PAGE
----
Baby safety during Covid-19

Dr. Amy Hammers welcomed her second child, Elijah, in May. Parenting a newborn always comes with its ups and downs, but being a mom of a newborn during a pandemic entails even more challenges. September is Baby Safety Month, the perfect time to focus on caring for babies and keeping baby safety top of mind during these unusual times.

“With my first baby, I would take him out and about in the community more to get out of the house – places like the mall or Target to walk around during the winter. This time, I was grateful it was summer so we could go for walks in our neighborhood and avoid public places,” she said. “I also spent time with my parents who live up north – only after being home from the hospital for 14 days – which was a big help with a newborn and 3-year-old! Before that, we hadn’t seen my parents since Covid started in March – I think my toddler was the most excited to reunite with Grandmama!”

Dr. Hammers encourages her patients to avoid crowded places, continue to physically distance from anyone outside of their circle (and don’t let friends and strangers touch and kiss babies), keep baby’s car seat covered in public, regularly wash hands and wear masks in public when you do need to go out. In addition, any fever within the first six weeks warrants a hospital evaluation. Families can also talk with their OB-GYN and pediatrician about any specific concerns.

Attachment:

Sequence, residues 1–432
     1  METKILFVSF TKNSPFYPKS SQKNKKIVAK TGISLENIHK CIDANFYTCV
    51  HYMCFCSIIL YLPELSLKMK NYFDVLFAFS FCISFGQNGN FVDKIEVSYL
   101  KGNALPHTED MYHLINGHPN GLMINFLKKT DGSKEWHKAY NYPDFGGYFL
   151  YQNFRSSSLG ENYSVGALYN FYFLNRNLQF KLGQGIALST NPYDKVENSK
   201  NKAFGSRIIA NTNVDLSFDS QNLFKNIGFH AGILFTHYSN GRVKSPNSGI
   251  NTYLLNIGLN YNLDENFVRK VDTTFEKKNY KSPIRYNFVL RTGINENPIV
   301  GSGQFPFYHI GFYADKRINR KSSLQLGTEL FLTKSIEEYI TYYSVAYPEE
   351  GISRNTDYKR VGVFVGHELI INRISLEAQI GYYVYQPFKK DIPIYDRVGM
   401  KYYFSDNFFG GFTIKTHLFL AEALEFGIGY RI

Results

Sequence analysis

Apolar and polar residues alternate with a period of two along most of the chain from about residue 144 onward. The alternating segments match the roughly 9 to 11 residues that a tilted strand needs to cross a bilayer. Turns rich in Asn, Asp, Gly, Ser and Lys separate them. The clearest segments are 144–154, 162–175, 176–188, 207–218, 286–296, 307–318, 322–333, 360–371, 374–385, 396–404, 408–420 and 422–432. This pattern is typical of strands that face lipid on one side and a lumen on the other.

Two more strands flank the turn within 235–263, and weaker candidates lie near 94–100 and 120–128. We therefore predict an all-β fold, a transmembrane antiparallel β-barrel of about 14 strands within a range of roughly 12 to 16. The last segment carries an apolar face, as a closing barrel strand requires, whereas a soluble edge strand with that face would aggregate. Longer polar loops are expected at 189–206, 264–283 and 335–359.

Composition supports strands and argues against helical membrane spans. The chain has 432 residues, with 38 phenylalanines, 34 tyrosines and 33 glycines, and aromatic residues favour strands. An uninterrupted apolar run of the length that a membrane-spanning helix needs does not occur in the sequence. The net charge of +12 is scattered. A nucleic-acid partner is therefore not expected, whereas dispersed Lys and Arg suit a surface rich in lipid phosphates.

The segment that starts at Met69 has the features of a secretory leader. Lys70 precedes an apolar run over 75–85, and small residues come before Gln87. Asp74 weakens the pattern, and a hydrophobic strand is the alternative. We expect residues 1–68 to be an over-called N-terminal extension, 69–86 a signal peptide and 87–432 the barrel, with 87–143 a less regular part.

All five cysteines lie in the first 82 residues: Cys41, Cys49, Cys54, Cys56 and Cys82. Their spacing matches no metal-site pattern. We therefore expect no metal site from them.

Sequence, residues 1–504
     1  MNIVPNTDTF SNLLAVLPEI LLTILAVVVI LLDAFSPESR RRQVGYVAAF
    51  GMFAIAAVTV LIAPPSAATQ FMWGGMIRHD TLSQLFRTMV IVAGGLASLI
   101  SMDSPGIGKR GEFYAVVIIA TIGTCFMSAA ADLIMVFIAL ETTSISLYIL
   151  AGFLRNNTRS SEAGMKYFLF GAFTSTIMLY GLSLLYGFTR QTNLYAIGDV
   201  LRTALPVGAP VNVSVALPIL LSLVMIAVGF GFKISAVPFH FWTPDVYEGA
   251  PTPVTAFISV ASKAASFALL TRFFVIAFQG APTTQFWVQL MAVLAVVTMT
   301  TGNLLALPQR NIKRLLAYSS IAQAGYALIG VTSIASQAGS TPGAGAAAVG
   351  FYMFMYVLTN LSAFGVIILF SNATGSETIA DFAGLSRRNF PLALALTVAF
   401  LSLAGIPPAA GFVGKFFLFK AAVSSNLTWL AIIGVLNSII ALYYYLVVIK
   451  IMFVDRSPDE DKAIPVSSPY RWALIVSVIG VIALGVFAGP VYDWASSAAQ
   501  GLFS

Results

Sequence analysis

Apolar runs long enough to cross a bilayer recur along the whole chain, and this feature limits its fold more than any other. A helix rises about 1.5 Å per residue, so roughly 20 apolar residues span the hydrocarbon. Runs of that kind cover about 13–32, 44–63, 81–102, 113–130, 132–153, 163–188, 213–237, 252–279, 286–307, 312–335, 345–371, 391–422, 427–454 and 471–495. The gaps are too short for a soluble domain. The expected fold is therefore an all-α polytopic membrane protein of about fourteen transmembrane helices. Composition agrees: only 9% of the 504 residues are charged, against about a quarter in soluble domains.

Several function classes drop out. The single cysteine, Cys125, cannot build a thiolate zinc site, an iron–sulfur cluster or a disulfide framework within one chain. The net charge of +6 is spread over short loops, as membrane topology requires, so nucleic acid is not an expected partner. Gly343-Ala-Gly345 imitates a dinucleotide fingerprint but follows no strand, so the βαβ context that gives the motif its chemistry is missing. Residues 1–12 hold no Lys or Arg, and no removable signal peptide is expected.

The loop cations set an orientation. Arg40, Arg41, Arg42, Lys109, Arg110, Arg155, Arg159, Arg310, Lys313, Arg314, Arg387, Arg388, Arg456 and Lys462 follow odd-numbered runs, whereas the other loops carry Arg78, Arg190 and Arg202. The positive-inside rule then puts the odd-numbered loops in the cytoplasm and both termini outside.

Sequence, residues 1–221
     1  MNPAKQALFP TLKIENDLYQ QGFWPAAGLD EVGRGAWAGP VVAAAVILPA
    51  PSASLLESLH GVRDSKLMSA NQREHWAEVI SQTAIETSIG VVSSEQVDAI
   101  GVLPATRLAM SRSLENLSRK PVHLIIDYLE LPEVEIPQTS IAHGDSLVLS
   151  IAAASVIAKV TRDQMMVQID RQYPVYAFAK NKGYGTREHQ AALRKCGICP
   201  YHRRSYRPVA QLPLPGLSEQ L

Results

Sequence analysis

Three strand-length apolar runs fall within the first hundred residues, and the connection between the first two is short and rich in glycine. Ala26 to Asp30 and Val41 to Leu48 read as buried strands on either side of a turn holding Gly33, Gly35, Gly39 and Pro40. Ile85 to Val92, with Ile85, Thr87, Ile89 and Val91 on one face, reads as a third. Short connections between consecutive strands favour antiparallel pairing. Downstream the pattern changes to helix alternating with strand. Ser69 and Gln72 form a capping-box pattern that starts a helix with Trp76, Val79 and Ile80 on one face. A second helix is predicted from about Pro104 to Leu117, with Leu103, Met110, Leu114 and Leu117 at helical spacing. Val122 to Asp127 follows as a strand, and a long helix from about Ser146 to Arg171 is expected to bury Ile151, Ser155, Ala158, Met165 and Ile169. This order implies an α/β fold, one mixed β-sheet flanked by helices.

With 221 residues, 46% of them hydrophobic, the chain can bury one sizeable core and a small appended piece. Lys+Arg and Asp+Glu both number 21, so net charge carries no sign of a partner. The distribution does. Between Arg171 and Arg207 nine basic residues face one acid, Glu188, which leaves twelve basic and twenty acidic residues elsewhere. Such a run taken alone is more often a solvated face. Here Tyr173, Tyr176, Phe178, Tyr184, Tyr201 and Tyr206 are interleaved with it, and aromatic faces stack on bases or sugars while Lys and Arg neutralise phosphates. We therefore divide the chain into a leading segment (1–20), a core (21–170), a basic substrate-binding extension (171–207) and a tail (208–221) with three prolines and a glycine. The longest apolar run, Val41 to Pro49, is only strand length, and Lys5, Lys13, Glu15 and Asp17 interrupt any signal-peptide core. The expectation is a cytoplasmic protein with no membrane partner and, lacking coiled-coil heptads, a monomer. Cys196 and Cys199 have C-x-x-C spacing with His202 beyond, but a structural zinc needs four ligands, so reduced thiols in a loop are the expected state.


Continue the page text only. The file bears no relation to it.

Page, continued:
She also cautions that normal concerns about baby’s health and safety can more easily transition into postpartum anxiety or depression during a health crisis. Families should never hesitate to ask for and accept help, when needed. “Having a newborn is hard work and every parent needs help at some point. Identify an individual or small group of people who you feel comfortable allowing into your home,” such as family, friends or a postpartum doula, Dr. Hammers suggests.

Even with a few restrictions, Dr. Hammers enjoyed every day of her maternity leave: “I was nervous about having a newborn again – the sleep deprivation and stress of a feeding plan for him as I struggled at breastfeeding with my first. I was also nervous about how my toddler would handle the transition. I’m so thankful my baby is easygoing and is great at eating and sleeping – and my toddler has transitioned well into the role of big brother and continues to love on the baby and help his momma every day! I will always treasure the memories my family made being together over the summer.”


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